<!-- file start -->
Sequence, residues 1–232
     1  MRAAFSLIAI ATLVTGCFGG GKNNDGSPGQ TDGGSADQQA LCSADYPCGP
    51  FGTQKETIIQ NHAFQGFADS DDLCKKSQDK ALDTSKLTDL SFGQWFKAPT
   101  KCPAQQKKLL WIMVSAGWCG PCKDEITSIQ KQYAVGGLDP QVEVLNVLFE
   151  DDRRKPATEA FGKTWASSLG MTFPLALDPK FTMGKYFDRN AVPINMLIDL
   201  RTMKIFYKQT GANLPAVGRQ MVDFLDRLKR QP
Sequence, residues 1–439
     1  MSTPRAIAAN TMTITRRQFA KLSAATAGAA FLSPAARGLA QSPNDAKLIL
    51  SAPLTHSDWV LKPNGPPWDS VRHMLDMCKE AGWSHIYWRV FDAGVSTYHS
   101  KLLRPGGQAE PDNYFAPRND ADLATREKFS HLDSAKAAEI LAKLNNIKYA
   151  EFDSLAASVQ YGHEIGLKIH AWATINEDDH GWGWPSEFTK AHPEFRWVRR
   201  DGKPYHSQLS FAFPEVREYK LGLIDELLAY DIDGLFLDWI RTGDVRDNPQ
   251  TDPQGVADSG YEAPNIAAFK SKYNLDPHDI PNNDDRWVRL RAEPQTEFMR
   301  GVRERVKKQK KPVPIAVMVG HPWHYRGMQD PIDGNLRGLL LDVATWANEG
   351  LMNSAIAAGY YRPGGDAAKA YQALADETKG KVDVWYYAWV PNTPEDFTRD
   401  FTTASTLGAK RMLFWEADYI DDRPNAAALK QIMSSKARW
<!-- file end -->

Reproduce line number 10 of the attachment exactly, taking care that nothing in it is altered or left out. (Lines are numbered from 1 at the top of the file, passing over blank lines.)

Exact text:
   101  KLLRPGGQAE PDNYFAPRND ADLATREKFS HLDSAKAAEI LAKLNNIKYA